The pathogen lives in soil and attaches to the trees’ roots, starving them from below. This gives it the appearance of a thinning and yellowing of the crown, and a characteristic over-production of gum at the collar.
The research team, in collaboration with Māori partners, have looked at the fungi and microbes associated with healthy kauri to see if adding beneficial microbes to kauri could help protect the trees against infection - or even help halt the progression of the disease.
Scientists have infected glasshouse seedlings taken from North Island kauri to determine the survival rate and assess whether there is any natural tolerance in the remnant populations.
Infected kauri do not show symptoms of the disease straight away, and in the past it has taken up to a month to test if the pathogen was in the soil. Now scientists can put cedar needles over a flooded soil sample, and if the pathogen is there it swims to the needles. The needles then have DNA extracted and purified, which is analysed using LAMP/isothermal primers. The advantage of this technology is that it is portable, meaning that analysis can be undertaken in the field.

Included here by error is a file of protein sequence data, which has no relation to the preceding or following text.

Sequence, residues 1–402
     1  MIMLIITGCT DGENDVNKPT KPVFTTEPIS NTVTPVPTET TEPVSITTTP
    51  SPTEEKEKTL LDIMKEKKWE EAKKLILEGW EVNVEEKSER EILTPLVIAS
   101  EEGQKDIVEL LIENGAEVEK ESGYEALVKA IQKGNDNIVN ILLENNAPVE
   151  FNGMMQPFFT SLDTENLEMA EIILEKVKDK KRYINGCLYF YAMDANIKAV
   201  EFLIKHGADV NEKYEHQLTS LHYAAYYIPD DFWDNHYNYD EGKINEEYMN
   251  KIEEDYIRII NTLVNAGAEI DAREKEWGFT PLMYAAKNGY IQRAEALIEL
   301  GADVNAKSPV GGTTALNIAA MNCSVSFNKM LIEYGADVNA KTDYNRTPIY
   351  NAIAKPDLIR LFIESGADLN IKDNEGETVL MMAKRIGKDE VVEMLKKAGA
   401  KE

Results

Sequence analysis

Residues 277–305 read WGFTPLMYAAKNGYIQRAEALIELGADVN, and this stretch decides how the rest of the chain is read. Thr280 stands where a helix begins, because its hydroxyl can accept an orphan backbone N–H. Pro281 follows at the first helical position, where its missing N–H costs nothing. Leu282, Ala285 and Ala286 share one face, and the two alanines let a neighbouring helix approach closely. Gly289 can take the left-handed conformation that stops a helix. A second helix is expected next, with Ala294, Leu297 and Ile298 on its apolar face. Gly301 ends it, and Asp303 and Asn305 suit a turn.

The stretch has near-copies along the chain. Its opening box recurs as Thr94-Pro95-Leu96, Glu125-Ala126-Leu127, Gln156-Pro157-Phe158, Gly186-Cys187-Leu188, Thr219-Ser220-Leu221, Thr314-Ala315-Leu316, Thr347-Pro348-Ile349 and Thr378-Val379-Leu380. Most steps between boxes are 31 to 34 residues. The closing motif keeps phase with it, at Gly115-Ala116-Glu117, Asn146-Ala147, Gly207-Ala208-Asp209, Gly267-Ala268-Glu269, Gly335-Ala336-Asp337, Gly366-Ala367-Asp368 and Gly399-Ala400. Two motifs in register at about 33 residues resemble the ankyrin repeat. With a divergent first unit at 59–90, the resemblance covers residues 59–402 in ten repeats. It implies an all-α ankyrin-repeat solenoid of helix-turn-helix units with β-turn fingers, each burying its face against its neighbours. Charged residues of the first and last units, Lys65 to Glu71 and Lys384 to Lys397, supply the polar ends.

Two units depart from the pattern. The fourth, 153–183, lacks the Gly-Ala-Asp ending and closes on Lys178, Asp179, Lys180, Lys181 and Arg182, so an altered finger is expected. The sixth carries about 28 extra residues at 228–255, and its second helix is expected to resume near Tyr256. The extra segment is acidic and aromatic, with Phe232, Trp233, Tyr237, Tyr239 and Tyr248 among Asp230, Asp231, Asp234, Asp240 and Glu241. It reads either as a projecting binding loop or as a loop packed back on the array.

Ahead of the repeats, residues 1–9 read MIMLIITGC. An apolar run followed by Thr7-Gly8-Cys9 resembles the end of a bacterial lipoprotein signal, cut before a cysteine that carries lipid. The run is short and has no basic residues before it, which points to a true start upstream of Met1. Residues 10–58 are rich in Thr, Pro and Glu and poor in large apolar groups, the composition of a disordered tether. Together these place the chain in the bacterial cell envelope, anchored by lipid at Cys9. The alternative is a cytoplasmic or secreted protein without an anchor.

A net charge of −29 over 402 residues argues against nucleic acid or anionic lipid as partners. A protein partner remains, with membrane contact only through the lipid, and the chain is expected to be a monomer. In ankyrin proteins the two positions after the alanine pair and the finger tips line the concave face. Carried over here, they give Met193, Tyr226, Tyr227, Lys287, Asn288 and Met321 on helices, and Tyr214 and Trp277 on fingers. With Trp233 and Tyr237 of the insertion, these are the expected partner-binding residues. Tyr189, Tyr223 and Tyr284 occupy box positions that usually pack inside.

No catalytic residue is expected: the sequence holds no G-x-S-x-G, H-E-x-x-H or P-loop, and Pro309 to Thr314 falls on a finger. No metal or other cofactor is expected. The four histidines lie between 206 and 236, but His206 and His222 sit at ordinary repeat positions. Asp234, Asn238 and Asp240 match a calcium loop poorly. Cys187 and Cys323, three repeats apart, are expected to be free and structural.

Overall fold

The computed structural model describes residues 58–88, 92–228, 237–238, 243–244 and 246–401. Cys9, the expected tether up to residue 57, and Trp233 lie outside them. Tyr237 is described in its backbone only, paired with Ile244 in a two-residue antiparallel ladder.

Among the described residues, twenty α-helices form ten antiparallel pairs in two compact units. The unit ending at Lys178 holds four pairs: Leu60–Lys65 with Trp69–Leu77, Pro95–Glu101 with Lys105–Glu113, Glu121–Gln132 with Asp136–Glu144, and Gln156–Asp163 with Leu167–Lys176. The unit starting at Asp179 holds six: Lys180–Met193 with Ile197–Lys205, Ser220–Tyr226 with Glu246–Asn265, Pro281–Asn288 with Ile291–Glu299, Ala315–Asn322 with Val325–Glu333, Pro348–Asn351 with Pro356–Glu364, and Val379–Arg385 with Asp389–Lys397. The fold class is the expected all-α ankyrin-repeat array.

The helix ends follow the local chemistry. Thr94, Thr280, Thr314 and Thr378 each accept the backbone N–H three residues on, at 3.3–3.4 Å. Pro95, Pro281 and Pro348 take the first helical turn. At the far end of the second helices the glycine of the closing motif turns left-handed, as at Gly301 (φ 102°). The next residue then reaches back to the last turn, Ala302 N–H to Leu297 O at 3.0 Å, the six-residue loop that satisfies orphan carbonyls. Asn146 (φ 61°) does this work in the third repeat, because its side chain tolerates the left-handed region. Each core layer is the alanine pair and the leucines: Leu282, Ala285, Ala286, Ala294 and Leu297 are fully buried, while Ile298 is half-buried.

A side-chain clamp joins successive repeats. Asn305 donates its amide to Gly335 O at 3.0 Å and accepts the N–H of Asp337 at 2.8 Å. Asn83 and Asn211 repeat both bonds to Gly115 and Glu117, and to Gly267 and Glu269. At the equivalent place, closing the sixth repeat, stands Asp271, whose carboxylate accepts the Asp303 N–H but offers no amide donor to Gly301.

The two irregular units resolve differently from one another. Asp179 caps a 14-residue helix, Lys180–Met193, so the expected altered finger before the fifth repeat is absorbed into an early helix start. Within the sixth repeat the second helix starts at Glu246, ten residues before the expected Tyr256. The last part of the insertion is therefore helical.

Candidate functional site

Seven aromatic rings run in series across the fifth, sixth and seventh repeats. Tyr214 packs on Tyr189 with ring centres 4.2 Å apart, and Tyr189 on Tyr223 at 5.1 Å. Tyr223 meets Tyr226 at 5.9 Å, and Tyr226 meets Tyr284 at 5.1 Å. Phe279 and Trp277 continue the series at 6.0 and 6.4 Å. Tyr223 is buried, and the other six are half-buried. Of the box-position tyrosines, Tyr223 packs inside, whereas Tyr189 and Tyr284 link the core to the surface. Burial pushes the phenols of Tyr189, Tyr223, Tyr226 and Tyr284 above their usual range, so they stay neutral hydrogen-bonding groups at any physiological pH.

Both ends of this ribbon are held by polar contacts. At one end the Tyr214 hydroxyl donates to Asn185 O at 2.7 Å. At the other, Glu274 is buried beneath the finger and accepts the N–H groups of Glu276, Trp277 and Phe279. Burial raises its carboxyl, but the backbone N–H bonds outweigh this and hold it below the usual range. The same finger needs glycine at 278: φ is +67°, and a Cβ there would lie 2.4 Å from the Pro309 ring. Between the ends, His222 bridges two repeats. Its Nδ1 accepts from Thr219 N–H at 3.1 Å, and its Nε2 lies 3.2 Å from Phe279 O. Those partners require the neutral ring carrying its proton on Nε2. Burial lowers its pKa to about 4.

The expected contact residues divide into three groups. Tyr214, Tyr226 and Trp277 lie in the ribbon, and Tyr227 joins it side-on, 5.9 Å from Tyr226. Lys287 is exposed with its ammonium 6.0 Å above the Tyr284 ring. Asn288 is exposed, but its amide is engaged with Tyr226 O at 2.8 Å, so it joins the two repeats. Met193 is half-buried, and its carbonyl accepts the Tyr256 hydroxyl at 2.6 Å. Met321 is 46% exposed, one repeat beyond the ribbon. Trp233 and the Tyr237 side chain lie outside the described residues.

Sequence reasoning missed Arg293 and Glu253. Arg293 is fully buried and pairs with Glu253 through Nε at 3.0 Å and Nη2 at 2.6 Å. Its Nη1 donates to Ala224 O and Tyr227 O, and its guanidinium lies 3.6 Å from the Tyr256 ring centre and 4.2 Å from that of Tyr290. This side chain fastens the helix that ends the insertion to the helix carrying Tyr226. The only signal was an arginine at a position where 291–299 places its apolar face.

This is a huge step forward for researchers, because knowing where the infections are present helps them determine how the pathogen behaves and where its next target might be. The nature of the test means it can be done without specialist selective agar, and it can be deployed in remote situations because the test unit is linked to smartphones, so results can be issued via email.
The long-term goal is to minimise the impacts of kauri dieback, and to enable mana whenua, conservation staff or landowners to test the soil and make more informed land management decisions on either containment or quarantine.